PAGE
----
Unconventional Supreme Court case could turn First Amendment protection AGAINST government overreaching into protection FOR government overreaching

The Supreme Court will hear arguments April 27 in a First Amendment case with exceedingly high stakes for the legality of open-government statutes across the country.

If the Court agrees with the reasoning of the Nevada Supreme Court in the case of Commission on Ethics of the State of Nevada v. Carrigan, then every open meetings law in the country is under a constitutional cloud.

In Carrigan, a 5-1 majority of the Nevada Supreme Court threw out a state-issued reprimand of a city council member who was rebuked under a statute that requires elected officials to refrain from voting if there is an appearance of conflict of interest. The Nevada court agreed with the councilman that his act of voting on a zoning petition was protected First Amendment expression, so any ethics law burdening his ability to vote had to pass the most exacting constitutional scrutiny possible.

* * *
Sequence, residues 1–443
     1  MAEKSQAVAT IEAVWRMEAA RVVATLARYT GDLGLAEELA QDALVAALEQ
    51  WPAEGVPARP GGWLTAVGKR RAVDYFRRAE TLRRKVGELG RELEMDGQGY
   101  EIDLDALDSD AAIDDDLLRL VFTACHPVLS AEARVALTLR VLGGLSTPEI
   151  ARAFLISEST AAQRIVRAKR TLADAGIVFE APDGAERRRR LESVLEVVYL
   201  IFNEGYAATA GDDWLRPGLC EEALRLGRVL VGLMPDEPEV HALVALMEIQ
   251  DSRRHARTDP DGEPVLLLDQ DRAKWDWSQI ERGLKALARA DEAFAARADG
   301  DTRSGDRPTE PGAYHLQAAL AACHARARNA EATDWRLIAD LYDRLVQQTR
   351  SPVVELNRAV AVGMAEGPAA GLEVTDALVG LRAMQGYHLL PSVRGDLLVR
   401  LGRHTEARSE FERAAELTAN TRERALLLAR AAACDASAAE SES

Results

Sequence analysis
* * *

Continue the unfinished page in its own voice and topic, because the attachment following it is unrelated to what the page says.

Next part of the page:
As I explain in this article for the American Constitution Society, the logic of the Carrigan case could equally support a city councilman who claims that state open-meetings laws are unconstitutional because he has a right to discuss government business anonymously. That is exactly the argument that was raised by elected officials in Texas — and rejected by a U.S. District Court — in the 2009 case of Rangra v. Brown. But if the Carrigan ruling is not overturned, more Rangra-type challenges are inevitable:

If Carrigan is correctly decided, then it does not appear possible to affirm the constitutionality of open-meetings statutes against the Rangra argument. The public’s interest in open government is scarcely more compelling than the public’s interest in honest government, and regulating the discussion leading up to a vote must necessarily limit First Amendment speech if regulating the vote itself does.

Carrigan is that rare case in which journalists’ absolutism about the First Amendment must yield to a higher good, and in this case, an expansive First Amendment ruling would turn out very badly not just for journalists but for anyone who cares about ethics and accountability in government.